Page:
British Food Journal Volume 26 Issue 4 1924
Article publication date: 1 April 1924
At a recent meeting of the Manchester section of the Society of Chemical Industry, Professor F. Gowland Hopkins, in an interesting paper entitled “Some Chemical Qualities of the Living Cell,” referred to the important part which vitamins play in foods, and to the dangers arising from the continual ingestion of chemical preservatives in foods. Professor Gowland Hopkins observed that the conception of a vitamin had certain encrustations about it which prevented everybody accepting what were really said to be very important scientific facts. He had not attempted to define a vitamin. In an adult community, under good economic conditions, the need for something other than a supply of energy did not seem to assert itself, because the vitamins were always present in all natural foods. Special circumstances were required to make their importance obvious, or they would have been discovered many years ago instead of in the past ten years or so. Being connected with the subject of diet they naturally attracted the attention of quacks, and therefore a good deal of nonsense had been written about them; while, on the other hand, it was equally true what was written about vitamins gave a great opportunity for trade stunts. Vitamins had not yet been isolated, so that their chemical composition was unknown. What he wished to urge was that the facts known about vitamins were important. You may feed an animal upon a diet consisting of the most excellent protein and really superior fat and best carbohydrate in the market, and supply it with the necessary salts in the right ratio. So long as those materials were pure and not mixed with traces of any other ingredients the dietary would be eaten, enjoyed, fully digested, thoroughly broken down in the body and its energy extracted, and yet any animal continuing to eat it would inevitably die. In order to convert that dietary into a perfect one for the maintenance of life materials must be added which acted in almost infinitesimal concentration within the cellular structure of the living organism. The only present definition of a vitamin of a definite constitution was that it was a substance of extreme nutritive importance which acted in infinitesimal concentration. In the case of Fat Soluble Vitamin A. 0·004 mgms added to a synthetic dietary made just the dilference between certain death and excellent life in the case of a rat weighing 100 grms. They must not despise the rat; it was, in all essentials, of the same physical constitution as human beings. In the case of a 70 kgm man 2½ mgs would be required to bridge the difference between health and death. Only under exceptional circumstances, such as a state of war, did the lack of vitamins intrude itself in respect of adults, but the feeding of infants must be placed in a different category.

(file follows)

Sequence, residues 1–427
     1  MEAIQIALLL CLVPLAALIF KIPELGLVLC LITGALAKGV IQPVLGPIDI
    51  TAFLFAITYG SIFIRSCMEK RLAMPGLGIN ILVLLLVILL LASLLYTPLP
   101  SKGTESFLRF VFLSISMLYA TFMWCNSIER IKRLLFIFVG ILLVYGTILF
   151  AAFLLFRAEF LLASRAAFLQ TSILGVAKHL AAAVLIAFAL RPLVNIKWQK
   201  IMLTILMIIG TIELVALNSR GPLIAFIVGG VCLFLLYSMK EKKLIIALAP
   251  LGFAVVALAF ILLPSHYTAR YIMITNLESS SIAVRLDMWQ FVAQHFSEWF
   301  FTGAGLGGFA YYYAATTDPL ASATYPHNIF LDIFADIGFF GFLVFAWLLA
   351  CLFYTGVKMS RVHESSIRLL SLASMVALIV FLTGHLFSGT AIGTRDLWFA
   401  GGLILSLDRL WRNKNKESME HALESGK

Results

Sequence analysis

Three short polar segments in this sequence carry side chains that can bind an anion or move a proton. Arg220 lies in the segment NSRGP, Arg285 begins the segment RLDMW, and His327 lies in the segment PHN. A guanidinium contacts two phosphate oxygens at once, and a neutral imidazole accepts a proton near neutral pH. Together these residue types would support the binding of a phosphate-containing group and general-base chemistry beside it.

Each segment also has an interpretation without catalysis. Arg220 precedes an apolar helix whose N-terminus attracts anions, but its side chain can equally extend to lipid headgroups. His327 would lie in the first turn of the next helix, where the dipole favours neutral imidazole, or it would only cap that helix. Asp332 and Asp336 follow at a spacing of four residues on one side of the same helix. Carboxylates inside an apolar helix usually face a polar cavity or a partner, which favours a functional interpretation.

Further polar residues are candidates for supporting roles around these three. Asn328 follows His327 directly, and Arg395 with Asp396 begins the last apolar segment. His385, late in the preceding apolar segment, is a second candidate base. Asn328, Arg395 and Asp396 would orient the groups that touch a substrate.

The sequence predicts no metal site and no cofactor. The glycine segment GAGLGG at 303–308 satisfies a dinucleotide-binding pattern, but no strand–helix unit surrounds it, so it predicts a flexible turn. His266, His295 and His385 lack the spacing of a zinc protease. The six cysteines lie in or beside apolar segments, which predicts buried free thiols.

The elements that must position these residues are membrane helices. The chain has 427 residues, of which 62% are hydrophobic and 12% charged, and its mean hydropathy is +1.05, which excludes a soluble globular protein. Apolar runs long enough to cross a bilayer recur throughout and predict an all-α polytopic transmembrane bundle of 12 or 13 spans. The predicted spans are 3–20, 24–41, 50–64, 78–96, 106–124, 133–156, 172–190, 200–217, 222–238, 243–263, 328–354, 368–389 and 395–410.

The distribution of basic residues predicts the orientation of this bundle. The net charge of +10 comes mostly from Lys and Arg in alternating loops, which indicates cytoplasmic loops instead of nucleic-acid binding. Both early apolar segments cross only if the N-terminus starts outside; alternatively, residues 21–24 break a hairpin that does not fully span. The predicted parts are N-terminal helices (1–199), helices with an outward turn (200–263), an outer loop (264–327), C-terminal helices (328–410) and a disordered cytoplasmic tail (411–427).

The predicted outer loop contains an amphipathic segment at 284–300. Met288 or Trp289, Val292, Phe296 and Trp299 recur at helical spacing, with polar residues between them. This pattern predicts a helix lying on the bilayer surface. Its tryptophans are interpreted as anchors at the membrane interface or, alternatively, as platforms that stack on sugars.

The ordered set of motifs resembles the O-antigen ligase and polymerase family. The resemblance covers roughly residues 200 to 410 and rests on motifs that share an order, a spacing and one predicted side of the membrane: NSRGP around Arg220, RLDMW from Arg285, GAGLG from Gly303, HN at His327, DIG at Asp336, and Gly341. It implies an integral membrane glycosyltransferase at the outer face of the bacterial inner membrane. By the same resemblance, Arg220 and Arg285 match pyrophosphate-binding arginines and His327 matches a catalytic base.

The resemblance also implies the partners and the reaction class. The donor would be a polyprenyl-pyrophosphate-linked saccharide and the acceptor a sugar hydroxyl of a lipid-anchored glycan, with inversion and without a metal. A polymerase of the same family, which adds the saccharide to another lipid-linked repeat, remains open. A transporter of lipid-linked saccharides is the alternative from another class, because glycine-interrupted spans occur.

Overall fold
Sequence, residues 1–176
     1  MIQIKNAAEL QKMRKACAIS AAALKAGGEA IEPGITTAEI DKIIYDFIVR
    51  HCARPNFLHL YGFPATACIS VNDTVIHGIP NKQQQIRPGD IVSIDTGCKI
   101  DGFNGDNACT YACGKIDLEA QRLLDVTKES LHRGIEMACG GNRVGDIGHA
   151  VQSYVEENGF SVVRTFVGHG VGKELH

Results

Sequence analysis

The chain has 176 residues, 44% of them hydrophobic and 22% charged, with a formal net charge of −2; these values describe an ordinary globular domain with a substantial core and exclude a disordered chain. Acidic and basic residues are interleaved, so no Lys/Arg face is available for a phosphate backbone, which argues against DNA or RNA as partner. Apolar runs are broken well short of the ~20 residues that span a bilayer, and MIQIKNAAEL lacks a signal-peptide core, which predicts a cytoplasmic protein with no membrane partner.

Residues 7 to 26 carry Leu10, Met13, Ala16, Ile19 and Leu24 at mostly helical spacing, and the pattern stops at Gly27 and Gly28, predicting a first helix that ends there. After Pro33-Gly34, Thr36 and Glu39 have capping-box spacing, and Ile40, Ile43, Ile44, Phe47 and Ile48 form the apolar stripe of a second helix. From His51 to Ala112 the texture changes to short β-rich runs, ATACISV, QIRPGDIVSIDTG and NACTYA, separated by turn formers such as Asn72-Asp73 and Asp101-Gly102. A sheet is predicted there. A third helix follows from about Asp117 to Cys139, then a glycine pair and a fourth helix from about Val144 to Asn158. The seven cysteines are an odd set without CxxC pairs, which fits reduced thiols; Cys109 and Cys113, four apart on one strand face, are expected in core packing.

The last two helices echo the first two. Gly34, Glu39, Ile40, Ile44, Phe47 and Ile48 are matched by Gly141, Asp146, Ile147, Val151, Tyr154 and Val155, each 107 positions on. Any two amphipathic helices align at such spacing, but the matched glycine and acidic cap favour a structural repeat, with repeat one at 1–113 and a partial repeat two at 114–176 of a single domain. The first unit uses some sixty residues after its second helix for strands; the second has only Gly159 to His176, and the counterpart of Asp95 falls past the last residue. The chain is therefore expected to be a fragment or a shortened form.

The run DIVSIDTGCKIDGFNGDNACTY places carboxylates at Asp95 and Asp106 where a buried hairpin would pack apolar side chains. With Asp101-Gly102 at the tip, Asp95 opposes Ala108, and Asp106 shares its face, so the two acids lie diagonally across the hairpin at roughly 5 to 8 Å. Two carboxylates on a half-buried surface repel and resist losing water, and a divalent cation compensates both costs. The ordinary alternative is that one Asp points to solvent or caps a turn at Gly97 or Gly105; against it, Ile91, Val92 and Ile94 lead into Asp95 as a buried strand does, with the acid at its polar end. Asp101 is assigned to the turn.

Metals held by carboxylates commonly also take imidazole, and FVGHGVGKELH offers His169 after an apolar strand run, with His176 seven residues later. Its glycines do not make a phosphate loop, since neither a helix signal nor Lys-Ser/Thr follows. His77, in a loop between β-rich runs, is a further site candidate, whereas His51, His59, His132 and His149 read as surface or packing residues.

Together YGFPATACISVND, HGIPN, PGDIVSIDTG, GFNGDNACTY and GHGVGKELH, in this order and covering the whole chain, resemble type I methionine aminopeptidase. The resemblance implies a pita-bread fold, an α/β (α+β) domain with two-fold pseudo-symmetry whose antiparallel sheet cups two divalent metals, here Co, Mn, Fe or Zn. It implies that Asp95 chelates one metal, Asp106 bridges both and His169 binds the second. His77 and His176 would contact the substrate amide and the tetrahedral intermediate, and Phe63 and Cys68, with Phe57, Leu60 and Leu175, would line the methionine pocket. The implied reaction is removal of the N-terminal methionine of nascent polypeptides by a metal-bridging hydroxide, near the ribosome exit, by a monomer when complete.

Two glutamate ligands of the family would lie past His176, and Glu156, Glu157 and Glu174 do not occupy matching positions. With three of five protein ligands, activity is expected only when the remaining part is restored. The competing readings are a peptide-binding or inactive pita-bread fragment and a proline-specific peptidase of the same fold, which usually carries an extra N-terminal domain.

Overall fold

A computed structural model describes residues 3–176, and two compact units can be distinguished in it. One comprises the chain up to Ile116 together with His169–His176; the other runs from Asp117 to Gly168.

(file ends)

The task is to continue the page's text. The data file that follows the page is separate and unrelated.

(1924), "British Food Journal Volume 26 Issue 4 1924", British Food Journal, Vol. 26 No. 4, pp. 31-40. https://doi.org/10.1108/eb011149
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